Our answer is simple. There are two problems here.

    1. The first and main problem is that in order to keep his feet ahead of his body Atilla is leaning against the back of his ski boots.
    2. The second issue is that Atilla is fundamentally “two footed” and has very limited independent use of his legs.

The rest of the mess is just a collection of symptoms resulting from the above – similar to the way the body expresses genes – when inappropriate genes are expressed we end up with a muddled mess in health terms and then doctors have a field day supplying you with toxic prescription drugs for life! The real answers are usually very simple.

In future Atilla needs to learn how to organise his body so that the feet remain ahead without pressuring the back of his boots and he needs to understand how to maintain independent leg action at all times – even when the feet are close together. Beyond this he needs to become aware of the variety “symptoms” that stem from getting it wrong – so that he knows what is happening.

Still Cycling and Running

Mild weather in the valley is permitting a wonderful prolongation of the cycling and running season with no ice or snow on the ground. The photos below are taken across from Les Arcs and La Plagne when out on the bike Friday. Currently I’m working on optimising my health through optimum diet and optimum exercise (with good technique) – realising a body fat percentage of around 9%. One current goal is to use the cold and exercise to convert white body fat into brown fat – which keeps the body warm automatically without shivering.


Optimal Nutrition Protocol (without supplements)

(Abstracted from a recent email communication…)


(selective gene expression) diet is essential to control hormones - which control your behaviour and your health. (Also - your visceral fat acts like a single gland - overpowering the hypothalamus in the brain and so all the other hormones which dictate even your behaviour - so abdominal fat must go...)

1 Remove all sources of refined sugars
2 Remove all starchy vegetables
3 Remove all "healthy whole grains" and seeds.
4 Remove anything even resembling wheat. Cereals, Pastas, Pizzas, Bread, Biscuits, Pastries.
5 Remove all sweet fruits and fruit drinks.
6 Remove all "gluten free" products as this is a con - stuffed with alternative carbs instead.

Remove Omega 6 oils (Sunflower etc - all veg/seed/nut oils except organic virgin olive oil) and all hydrogenated oils. Remove raw almonds, walnuts, brazil nuts, peanuts - unless in small quantities (High Omega 6)

Avoid lean meat. If your optimum weight is 80 kg then eat no more than 1.5 max grams protein per Kg per day - so you would want to consume no more than 120g of actual protein per day!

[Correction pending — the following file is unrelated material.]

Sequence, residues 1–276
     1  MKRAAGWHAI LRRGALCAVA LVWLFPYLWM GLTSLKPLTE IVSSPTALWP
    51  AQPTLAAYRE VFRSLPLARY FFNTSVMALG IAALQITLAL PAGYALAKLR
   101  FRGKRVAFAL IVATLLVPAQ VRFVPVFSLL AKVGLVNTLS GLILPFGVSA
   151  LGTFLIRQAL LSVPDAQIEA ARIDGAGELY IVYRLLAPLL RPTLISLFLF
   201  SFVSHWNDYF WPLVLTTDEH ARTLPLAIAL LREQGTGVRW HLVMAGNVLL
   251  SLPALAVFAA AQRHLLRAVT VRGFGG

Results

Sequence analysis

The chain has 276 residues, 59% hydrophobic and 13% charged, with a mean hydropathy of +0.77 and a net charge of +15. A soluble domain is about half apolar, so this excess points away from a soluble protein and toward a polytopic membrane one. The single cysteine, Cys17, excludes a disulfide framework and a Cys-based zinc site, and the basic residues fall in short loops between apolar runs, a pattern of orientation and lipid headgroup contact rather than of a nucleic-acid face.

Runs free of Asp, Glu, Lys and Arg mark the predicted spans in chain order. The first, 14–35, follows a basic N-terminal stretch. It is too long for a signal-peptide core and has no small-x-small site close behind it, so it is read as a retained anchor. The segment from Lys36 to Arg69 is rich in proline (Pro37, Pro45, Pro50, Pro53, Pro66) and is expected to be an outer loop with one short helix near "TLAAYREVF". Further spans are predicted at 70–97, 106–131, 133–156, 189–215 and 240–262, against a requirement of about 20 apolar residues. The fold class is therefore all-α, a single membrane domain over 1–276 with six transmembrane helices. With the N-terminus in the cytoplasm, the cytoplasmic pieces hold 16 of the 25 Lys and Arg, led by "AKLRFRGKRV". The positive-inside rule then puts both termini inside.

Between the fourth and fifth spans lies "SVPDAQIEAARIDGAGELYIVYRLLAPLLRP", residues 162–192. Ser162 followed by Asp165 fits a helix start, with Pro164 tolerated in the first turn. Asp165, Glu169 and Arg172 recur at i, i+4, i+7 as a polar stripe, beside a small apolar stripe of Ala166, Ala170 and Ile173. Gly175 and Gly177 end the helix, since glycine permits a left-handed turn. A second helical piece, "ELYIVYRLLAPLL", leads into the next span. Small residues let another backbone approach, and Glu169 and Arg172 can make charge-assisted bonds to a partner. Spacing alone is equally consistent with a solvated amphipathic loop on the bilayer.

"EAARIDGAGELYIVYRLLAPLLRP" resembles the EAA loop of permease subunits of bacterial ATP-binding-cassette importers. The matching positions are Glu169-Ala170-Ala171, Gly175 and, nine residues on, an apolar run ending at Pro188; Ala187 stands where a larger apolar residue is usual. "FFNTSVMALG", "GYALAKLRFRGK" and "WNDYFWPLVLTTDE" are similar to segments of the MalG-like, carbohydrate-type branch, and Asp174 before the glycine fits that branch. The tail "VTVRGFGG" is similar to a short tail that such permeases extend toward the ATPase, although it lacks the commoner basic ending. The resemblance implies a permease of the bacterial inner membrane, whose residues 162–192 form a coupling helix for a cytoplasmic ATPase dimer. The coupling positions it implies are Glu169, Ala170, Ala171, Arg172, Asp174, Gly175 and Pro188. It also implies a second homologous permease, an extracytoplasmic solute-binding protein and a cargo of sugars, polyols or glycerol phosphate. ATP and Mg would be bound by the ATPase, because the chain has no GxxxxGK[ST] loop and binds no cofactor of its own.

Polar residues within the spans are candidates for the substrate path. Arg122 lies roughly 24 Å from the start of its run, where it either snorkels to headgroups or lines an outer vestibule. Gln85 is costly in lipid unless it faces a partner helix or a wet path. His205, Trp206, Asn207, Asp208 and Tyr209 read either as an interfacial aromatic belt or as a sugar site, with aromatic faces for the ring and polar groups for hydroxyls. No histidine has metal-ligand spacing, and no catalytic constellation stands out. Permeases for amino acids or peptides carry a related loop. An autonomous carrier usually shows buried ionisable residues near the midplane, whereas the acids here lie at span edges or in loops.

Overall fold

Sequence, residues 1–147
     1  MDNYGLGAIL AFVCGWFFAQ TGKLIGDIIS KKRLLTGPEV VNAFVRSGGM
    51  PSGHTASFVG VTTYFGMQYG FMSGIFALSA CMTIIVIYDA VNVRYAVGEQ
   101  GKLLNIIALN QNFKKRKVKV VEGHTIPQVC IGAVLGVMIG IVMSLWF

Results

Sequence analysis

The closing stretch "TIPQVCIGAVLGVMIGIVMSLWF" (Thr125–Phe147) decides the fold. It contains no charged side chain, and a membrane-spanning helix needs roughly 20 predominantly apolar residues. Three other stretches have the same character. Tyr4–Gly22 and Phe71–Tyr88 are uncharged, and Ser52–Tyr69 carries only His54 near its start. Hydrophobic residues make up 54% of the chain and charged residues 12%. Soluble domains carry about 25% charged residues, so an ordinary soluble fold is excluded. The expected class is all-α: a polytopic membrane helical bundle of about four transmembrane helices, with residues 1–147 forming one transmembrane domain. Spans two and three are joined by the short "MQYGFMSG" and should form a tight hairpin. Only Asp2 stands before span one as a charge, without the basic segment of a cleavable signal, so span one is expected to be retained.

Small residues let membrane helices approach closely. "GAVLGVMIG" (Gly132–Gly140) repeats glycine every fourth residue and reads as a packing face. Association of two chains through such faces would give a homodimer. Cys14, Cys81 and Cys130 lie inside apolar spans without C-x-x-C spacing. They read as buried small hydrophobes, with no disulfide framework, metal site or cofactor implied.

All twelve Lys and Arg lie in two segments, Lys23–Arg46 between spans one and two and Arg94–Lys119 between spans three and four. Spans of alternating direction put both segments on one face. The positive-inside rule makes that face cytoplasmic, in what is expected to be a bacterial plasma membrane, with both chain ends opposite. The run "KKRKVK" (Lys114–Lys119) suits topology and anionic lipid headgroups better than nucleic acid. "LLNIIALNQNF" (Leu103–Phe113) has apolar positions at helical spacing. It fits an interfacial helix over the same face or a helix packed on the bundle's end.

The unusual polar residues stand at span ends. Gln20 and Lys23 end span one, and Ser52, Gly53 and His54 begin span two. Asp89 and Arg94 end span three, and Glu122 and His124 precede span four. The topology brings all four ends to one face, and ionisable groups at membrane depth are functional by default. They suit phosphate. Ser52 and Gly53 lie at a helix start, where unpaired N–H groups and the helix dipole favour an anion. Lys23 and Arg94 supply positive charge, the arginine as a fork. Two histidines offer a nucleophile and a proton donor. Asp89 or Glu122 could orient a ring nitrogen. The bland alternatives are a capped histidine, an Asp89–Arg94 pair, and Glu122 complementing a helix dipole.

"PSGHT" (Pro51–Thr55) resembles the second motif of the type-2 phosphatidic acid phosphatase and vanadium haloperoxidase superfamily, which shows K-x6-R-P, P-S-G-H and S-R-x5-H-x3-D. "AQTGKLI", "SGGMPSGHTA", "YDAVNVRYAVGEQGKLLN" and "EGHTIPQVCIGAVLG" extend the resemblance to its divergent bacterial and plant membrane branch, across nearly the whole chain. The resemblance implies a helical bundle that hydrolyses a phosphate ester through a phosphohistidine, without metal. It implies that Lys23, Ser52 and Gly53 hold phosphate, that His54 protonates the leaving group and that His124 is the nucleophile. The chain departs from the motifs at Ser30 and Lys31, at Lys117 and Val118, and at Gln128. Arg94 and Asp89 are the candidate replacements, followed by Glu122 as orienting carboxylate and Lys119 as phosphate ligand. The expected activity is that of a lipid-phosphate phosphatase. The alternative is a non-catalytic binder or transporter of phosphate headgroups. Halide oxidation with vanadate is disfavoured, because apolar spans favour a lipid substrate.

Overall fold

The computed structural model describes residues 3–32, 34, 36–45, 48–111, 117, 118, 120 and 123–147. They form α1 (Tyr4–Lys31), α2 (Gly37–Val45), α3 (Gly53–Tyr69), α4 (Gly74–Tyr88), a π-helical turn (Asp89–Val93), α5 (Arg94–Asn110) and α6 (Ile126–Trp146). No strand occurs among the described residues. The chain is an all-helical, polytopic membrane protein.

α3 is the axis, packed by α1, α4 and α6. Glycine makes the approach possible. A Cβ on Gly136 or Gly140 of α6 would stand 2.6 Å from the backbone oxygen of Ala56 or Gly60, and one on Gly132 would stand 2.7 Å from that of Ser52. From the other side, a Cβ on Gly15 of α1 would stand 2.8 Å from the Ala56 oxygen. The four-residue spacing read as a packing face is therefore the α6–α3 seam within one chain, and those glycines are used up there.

Good Nutrition...

You should eat non starchy vegetables: green leafy plants, peppers, tomatoes, cabbage, broccoli, etc. (Tip: eat with a lot of butter!)
Raw nuts: Macadamia is best! Limit walnuts, peanuts and brazil nuts.
Berries: All berries are excellent sources of antioxidants and are not sweet.

Increase Omega 3 fats - from seafood or in capsule form.
Organic Virgin Olive oil is fine.
Use Saturated animal fats - eat the skin - use the bones and everything in cooking. The gelatine is essential for good gut health.
Use saturated plant fats such as organic Coconut oil and organic Palm oil. (Buying organic is utterly essential to avoid toxicity from processing and from pesticides and herbicides - especially concerning fats as they collect toxins!)
Organic, grass fed butter is excellent - especially if it's from raw (unpasteurised) milk.
Grass fed hard cheese from raw milk (Beaufort cheese for example)
Use full fat cream - (Crème Fraiche in France)
(Do not eat yoghurt, cottage cheese or drink milk as the all provoke very high insulin spikes due to certain protein issues. Do not eat "low fat" products)
Buy Lindt 90% cacao chocolate - no other brand exists that keeps carb content down far enough. Only eat one or two squares (with a black coffee etc.)

Shellfish - Oysters are ideal food.
Fatty fish (Wild salmon, Mackerel, Sardines.) Do not buy farmed seafood - even if it is "organic".
Eat organic meats – choosing the fattiest meats. Try to avoid frying and grilling. Slow low temperature cooking is best. (to avoid glycation – toxic "AGE" by-products)
Eat organic free-range eggs - no restriction on quantity.

Drink a glass of red wine as your alcohol drink - Beer is based on wheat so avoid it completely. Red wine has the antioxidants your body needs - same as chocolate - so it's good in small quantities. Is is disastrous in large quantities - no more ever than two glasses per day!

Circadian Cycles
Respect daily hormonal rhythms and cycles.
Eat two times per day - 30 minutes after rising (at 6 am) in the morning and around 6 pm in the evening. Try to exercise around 4 to 5 pm if you can. (Ideal scenario) Go to bed early and avoid bright lights after dark.

Recalibrate your circadian (daily) clocks by switching to Temperature instead of light (summer adaptation). Cold Adaptation required - 3 to 5 times per week in cold bath - skin temperature to 50 to 55 °F (9°C) Use ice (protect skin though) or water. (I use a cold bath at 7°C (45°F) for 25 mins every second day). The shivering afterwards is useful as it releases a hormone called "Irisin" which converts your white fat into brown fat". Live and sleep in cool temperatures (19°C of below) as this ramps up your brown fat by as much as 40%.